Determination of Inorganic Nitrogen
36(1)
Ammonium
36(1)
Nitrate
37(1)
Amino Sugars
38(1)
Nitrogen Fertilizers
39(12)
Properties and Use of Nitrogen Fertilizers
40(1)
Anhydrous Ammonia (82% N)
40(1)
Aqua Ammonia (21% N)
40(1)
Urea (46% N)
40(1)
Ammonium Nitrate (34% N)
41(1)
Ammonium Sulfate (21% N)
41(1)
Nitrogen Solutions (28--32% N)
41(1)
Ammonium Phosphates (10--21% N)
42(1)
Other Inorganic Nitrogen Fertilizers
42(1)
Organic Nitrogen Fertilizers (0.2--15% N)
42(1)
References
43(8)
Phosphorus
51(40)
Charles A. Sanchez
Background Information
51(3)
Historical Information
51(1)
Phosphorus Functions in Plants
52(1)
Nature and Transformations of Soil Phosphorus
53(1)
Diagnosing Phosphorus Deficiency
54(21)
Visual Symptoms of Deficiency and Excess
54(1)
Tissue Testing for Phosphorus
55(16)
Soil Testing for Phosphorus
71(4)
Factors Affecting Management of Phosphorus Fertilization
75(16)
Crop Response to Phosphorus
75(1)
Soil Water
76(2)
Soil Temperature
78(1)
Sources of Phosphorus
79(1)
Timing of Application of Phosphorus Fertilizers
79(1)
Placement of Phosphorus Fertilizers
79(2)
Foliar-Applied Phosphorus Fertilization
81(1)
Fertilization in Irrigation Water
81(1)
References
82(9)
Potassium
91(30)
Konrad Mengel
Historical Information
91(1)
Determination of Essentiality
92(7)
Function in Plants
93(1)
Enzyme Activation
93(1)
Protein Synthesis
93(1)
Ion Absorption and Transport
94(1)
Potassium Absorption
94(1)
Potassium Transport within Tissues
95(1)
Osmotic Function
95(1)
Photosynthesis and Respiration
96(1)
Long-Distance Transport
97(2)
Diagnosis of Potassium Status in Plants
99(2)
Symptoms of Deficiency
99(1)
Symptoms of Excess
100(1)
Concentrations of Potassium in Plants
101(4)
Assessment of Potassium Status in Soils
105(7)
Potassium-Bearing Minerals
105(2)
Potassium Fractions in Soils
107(2)
Plant-Available Potassium
109(2)
Soil Tests for Potassium Fertilizer Recommendations
111(1)
Potassium Fertilizers
112(9)
Kinds of Fertilizers
112(1)
Application of Potassium Fertilizers
113(3)
References
116(5)
Calcium
121(24)
David J. Pilbeam
Philip S. Morley
Historical Information
121(1)
Determination of Essentiality
121(1)
Functions in Plants
122(3)
Effects on Membranes
122(1)
Role in Cell Walls
122(2)
Effects on Enzymes
124(1)
Interactions with Phytohormones
125(1)
Other Effects
125(1)
Diagnosis of Calcium Status in Plants
125(10)
Symptoms of Deficiency and Excess
125(3)
Concentrations of Calcium in Plants
128(1)
Forms of Calcium Compounds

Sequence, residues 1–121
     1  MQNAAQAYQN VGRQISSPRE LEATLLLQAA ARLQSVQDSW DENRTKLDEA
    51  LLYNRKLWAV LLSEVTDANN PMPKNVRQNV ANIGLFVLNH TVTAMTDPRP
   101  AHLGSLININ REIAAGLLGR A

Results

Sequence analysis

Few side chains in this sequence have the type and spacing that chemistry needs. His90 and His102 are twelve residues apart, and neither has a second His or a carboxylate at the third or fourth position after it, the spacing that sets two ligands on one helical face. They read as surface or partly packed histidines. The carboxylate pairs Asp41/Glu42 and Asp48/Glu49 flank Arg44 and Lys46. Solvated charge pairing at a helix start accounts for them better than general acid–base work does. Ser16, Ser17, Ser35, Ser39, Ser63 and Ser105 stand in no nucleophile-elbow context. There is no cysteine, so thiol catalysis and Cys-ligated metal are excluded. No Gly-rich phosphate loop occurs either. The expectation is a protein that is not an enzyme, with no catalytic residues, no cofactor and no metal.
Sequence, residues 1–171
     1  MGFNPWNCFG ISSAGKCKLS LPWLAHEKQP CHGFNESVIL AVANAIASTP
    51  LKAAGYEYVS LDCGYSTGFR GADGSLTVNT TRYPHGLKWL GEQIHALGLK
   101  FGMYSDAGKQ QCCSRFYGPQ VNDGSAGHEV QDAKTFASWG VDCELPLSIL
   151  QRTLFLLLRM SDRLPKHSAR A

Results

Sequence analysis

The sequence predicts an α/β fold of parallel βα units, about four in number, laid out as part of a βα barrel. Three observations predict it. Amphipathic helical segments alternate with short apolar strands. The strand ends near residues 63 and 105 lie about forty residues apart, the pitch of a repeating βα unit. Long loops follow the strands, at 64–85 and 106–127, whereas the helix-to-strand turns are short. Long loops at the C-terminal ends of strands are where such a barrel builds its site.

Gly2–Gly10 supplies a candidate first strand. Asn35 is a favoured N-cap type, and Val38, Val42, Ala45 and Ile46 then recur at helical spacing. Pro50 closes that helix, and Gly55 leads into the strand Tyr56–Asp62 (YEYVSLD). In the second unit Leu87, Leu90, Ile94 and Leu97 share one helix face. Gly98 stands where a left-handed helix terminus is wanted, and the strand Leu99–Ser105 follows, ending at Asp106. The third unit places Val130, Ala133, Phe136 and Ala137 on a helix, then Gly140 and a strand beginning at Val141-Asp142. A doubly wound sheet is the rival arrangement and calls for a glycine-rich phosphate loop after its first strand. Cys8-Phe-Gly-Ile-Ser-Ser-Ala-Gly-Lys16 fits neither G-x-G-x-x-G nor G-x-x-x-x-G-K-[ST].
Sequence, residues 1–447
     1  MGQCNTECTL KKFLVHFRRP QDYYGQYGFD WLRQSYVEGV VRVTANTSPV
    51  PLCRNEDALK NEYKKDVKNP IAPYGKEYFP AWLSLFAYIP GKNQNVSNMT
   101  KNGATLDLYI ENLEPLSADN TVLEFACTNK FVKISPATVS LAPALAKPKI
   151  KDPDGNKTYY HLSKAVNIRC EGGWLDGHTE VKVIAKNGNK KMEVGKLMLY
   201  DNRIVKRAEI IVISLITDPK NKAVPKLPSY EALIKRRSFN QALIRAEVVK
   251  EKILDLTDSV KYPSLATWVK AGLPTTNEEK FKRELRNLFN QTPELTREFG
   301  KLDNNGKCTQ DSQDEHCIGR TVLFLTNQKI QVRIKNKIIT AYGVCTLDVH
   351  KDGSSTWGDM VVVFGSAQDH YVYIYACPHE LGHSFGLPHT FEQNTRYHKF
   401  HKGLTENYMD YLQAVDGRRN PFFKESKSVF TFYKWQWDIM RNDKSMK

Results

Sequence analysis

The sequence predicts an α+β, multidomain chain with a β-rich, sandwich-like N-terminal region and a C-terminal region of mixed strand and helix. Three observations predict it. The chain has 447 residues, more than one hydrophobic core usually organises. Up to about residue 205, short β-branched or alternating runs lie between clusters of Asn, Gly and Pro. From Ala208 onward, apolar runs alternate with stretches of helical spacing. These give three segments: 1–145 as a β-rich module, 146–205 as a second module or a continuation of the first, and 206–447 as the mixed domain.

128(1)
Distribution of Calcium in Plants
128(4)
Calcicole and Calcifuge Species
132(1)
Critical Concentrations of Calcium
133(1)
Tabulated Data of Concentrations by Crops
133(2)
Assessment of Calcium Status in Soils
135(2)
Forms of Calcium in Soil
135(2)
Soil Tests
137(1)
Tabulated Data on Calcium Contents in Soils
137(1)
Fertilizers for Calcium
137(8)
Kinds of Fertilizer
137(2)
Application of Calcium Fertilizers
139(1)
Acknowledgment
140(1)
References
140(5)
Magnesium
145(38)
Donald J. Merhaut
Historical Information
146(1)
Determination of Essentiality
146(1)
Function in Plants
146(2)
Metabolic Processes
146(1)
Growth
147(1)
Fruit Yield and Quality
147(1)
Diagnosis of Magnesium Status in Plants
148(8)
Symptoms of Deficiency and Excess
148(1)
Symptoms of Deficiency
148(1)
Symptoms of Excess
149(1)
Environmental Causes of Deficiency Symptoms
149(1)
Nutrient Imbalances and Symptoms of Deficiency
150(1)
Potassium and Magnesium
150(1)
Calcium and Magnesium
151(1)
Nitrogen and Magnesium
151(1)
Sodium and Magnesium
152(1)
Iron and Magnesium
152(1)
Manganese and Magnesium
153(1)
Zinc and Magnesium
153(1)
Phosphorus and Magnesium
153(1)
Copper and Magnesium
154(1)
Chloride and Magnesium
154(1)
Aluminum and Magnesium
154(1)
Phenotypic Differences in Accumulation
155(1)
Genotypic Differences in Accumulation
155(1)
Concentrations of Magnesium in Plants
156(9)
Magnesium Constituents
156(1)
Distribution in Plants
156(1)
Seasonal Variations
156(1)
Physiological Aspects of Magnesium Allocation
156(1)
Critical Concentrations
157(1)
Tissue Magnesium Concentration Associations with Crop Yields
157(1)
Tabulated Data of Concentrations by Crops
157(8)
Assessment of Magnesium in Soils
165(5)
Forms of Magnesium in Soils
165(1)
Sodium Absorption Ratio
165(5)
Soil Tests
170(1)
Tabulated Data on Magnesium Contents in Soils
170(1)
Soil Types
170(1)
Fertilizers for Magnesium
170(13)
Kinds of Fertilizers
170(1)
Effects of Fertilizers on Plant Growth
170(2)
Application of Fertilizers
172(1)
References
172(11)
Sulfur
183(56)
Silvia Haneklaus
Elke Bloem
Ewald Schnug
Luit J. de Kok
Ineke Stulen
Introduction
183(1)
Sulfur in Plant Physiology
184(14)
Uptake, Transport, and Assimilation of Sulfate
185(2)
Foliar Uptake and Metabolism of Sulfurous Gases
187(1)
Major Organic Sulfur Compounds